Keywords: Domestic and foreign currency loans, substitution, monetary policy, Central Europe.
    Date: 2010–05
  7. By: Dong He (Research Department, Hong Kong Monetary Authority); Robert N. McCauley (Bank for International Settlements)
    Abstract: We show in this paper that offshore markets intermediate a large chunk of financial transactions in major reserve currencies such as the US dollar. We argue that, for emerging market economies that are interested to see some international use of their currencies, offshore markets can help to increase the recognition and acceptance of the currency, while still allowing the authorities to retain a measure of control on the pace of capital account liberalisation. The development of offshore markets could pose risks to monetary and financial stability in the home economy, which need to be prudently managed. Experience in dealing with the Euromarkets by the Federal Reserve and other authorities of the major reserve currency economies show that policy options are available for managing such risks.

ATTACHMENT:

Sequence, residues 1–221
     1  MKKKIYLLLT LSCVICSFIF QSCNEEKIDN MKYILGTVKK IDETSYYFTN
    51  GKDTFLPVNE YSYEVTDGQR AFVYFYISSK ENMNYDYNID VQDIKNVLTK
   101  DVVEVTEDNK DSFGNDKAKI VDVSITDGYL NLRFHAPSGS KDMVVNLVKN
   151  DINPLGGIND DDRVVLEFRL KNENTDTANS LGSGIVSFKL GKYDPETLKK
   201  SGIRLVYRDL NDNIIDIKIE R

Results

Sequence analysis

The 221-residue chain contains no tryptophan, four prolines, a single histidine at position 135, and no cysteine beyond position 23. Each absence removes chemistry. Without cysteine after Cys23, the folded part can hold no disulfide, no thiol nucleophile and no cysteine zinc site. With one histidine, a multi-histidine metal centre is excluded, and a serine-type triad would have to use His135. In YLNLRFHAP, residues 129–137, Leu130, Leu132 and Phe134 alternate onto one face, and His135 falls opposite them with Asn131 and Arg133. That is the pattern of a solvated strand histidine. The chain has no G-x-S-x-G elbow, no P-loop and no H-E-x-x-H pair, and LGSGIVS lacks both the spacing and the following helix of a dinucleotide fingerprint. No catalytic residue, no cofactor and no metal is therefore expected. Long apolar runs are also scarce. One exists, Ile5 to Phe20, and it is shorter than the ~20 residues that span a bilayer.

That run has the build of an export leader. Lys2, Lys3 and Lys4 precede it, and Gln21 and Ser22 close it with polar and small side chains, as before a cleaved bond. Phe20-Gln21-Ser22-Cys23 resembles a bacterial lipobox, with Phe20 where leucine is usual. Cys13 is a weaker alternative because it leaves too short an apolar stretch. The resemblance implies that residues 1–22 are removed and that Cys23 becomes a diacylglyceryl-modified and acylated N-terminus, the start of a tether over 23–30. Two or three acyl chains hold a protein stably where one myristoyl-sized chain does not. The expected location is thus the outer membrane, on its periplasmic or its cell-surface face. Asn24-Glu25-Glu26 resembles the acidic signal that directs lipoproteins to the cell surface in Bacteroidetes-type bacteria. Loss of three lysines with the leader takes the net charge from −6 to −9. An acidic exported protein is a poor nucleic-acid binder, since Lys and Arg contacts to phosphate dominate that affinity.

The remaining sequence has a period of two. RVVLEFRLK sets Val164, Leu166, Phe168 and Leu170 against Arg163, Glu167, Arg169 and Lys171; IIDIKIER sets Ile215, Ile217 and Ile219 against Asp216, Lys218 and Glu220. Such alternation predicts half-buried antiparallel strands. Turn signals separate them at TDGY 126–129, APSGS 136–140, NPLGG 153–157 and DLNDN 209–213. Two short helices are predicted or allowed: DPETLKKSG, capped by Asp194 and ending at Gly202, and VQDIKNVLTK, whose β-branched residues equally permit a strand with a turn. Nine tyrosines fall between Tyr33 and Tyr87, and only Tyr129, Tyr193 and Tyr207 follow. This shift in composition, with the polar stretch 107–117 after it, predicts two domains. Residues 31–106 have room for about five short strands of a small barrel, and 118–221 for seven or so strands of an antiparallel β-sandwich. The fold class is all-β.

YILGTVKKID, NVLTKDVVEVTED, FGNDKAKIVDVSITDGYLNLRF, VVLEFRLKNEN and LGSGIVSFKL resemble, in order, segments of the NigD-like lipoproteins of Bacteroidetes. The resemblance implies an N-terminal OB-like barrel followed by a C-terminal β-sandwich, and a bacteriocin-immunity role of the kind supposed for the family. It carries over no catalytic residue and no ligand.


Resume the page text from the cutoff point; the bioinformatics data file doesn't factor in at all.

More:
Keywords: offshore markets; currency internationalisation; monetary stability; financial stability
    JEL: E51 E58 F33
    Date: 2010–03
  8. By: Makochekanwa, Albert